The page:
Tofinoites unite on the Western Front! Tofino’s WWI history has a nice little story how Murdo Macleod met up with various Tofino neighbours far away in England and France.
Murdo Macleod was born on December 27 1885 in Scotland. While Murdo put his birthplace as “Isle of Raasay” on his attestation paper, his son J.R. Macleod learned that the family was from Kyle Rona and Fladda (both small islands North of Raasay.) It appears that Raasay was the hub of most activities and therefore cited as “home”. Murdo’s brother Ewan came to Canada in 1903, reunited with Murdo to work at the Bamfield Cable Station in 1905, moving to Clayoquot shortly thereafter. Another brother, Alex, joined them. (Alex worked on the Lifeboat and later became a well-known coxswain).
This photograph below shows Murdo at the back of the photo (right) on the beach. In the boat is brother Alex (also wearing a corsage – perhaps they had been at a wedding?). There is a John Macleod in the photo. He is no relation to Murdo and Alex, but did come from Raasay. Also in the photo is Henry (Harry) Harris from Vargas Island, who Murdo would run into in France during WWI.
In the years leading up to the war, Murdo worked in construction, mainly as a road crew foreman. Therefore, it’s no surprise that he enlisted with the 1st Canadian Pioneer Details. “Pioneer” battalions’ role was to do heavy construction work at the Front – building roads, trenches, railways etc. Murdo enlisted in Vancouver on October 5 1915 and arrived in England on November 15 1915. Murdo arrived in France in March 1916. He became Corporal of the “A” Company of the 1st Canadian Pioneer Battalion. Murdo was recommended for the Distinguished Conduct Medal for work done with a party of men on the Battle of the Somme on September 15 1916.
Not long afterwards, there was a West Coast “meet up”! In early October 1916, Murdo ran into Joe Grice of Tofino, Harry Harris and Jerry Lane of Vargas Island. Murdo wrote to his brother Ewan that “all the boys are going strong and getting the last kick out of the Huns now” (Source – a letter published in The Daily Colonist, November 23 1916).
A few days later, on October 8 1916, Murdo was wounded at Courcelette. Parts of his upper lip and nose were shot away by shrapnel. His lower lip and chin were badly split. On October 10 1916 Murdo was admitted to St Johns Ambulence Hospital, Etaples and on October 12 1916, he was transferred to Folkestone. Murdo spent the next few months at Keighly War Hospital in Yorkshire, where he wrote a letter to his brother, later published in The Daily Colonist. He stated that he was getting “first class treatment and consideration from the Red Cross.” Murdo also wrote that he “expects to be back again to be in at the finish with the others.”
This expectation was not realized. Military records are always tricky to decipher, but it appears that he spent the rest of the war working in England and visiting hospitals for follow-up surgery. In spring 1917, Murdo was now in Purfleet with the Canadian Railway Troops (the newly re-branded 1st Canadian Pioneers). On August 19 1917, Murdo was admitted to Ontario Military Hospital, in Orpington Kent for a “plastic” operation. He returned to Orpington in February 1918 for follow up surgery.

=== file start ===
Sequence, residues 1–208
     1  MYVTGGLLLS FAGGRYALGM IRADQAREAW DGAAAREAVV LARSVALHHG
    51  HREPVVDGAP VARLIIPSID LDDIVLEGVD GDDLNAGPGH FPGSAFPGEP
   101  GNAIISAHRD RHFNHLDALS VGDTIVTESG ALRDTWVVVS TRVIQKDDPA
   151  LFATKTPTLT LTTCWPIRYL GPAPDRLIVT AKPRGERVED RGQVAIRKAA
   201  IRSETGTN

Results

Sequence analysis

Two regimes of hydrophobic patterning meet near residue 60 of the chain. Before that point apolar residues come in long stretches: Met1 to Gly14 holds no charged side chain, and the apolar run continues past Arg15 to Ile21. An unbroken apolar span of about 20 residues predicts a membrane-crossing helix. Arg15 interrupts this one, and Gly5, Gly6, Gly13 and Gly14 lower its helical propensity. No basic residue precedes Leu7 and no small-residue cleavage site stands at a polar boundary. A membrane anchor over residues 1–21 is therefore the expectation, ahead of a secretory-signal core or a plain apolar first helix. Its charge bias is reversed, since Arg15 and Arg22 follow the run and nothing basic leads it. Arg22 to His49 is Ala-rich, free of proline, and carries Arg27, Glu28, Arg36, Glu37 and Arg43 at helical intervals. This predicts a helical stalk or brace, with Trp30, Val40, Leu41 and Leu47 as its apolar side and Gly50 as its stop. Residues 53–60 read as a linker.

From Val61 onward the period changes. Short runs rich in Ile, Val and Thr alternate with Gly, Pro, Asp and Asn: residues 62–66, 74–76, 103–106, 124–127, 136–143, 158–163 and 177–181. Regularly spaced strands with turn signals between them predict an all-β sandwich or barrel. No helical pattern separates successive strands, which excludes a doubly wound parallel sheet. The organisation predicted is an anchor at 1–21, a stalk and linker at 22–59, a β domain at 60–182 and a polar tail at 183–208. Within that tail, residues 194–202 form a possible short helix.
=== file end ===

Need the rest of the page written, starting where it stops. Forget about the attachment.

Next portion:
While at Orpington, Murdo had his second west coast meet up! He later wrote to Frank Garrard, the Tofino telegraph operator, that he was sure surprised to meet Frank’s daughter Lilly – a nurse at the hospital – and Frank’s son Noel – on leave and visiting his sister. [Read about Nursing Sister Lilly Garrard, “More than a Dishwasher”]
From March 5 1918 – April 16 1918 Murdo was on sick furlough (leave), a result of post-surgery and another on-going digestive condition. Given the long amount of time for the leave, it’s likely that he went up north to Raasay to visit his parents. Murdo’s health continued to be iffy, and on September 24 1918 – invalided to Canada and went to Shaughnessy Military Hospital in Vancouver. Murdo was discharged from the military as “unfit for service” on January 21 1919, and he returned to the west coast.
Six months later, he was married in Victoria. Murdo married Julia Macleod of Sydney Australia. Julia, who had arrived the week before, was the sister of John Macleod, formerly of Tofino (see the canoe photo above). John Macleod had gone to work with the Royal Engineers, Inland Water Transport Section in Mesopotamia, where he was drowned on the Tigris River in July 1917.
John and Julia Macleod came from Isle of Raasay Scotland but were not related to Murdo. A news report of the Macleod wedding noted that Julia “looked charming in a fawn colored satin gown and carried a bouquet of bridal roses. She was attended as bridesmaid by Miss Florence Nightingale MacLean. The bridegroom was accompanied as groomsman by his cousin, Murdo MacLeod. (It’s unclear who this other Murdo Macleod was). Murdo and Julia made their home in Tofino, where they had two sons.
In the early 1920s, Murdo worked again as a road crew foreman on the Tofino-Ucluelet road. He may also have worked on the Tofino Lifeboat, as he appears in this photo from 1920. In August 1922, Murdo was appointed Dominion Fisheries Officer. Murdo also served as president of the Great War Veterans Association and the Canadian Legion, Clayoquot Sound Branch.
Thank you to Ron Macleod (grandson of Jack Macleod, Murdo’s cousin) for sharing photographs from his West Coast collection. This story originally appeared on the Tofino Clayoquot Heritage Museum website in 2019 as part of an exhibit on Clayoquot Sound and WWI. Read more about fellow Tofino “Pioneer” Joe Grice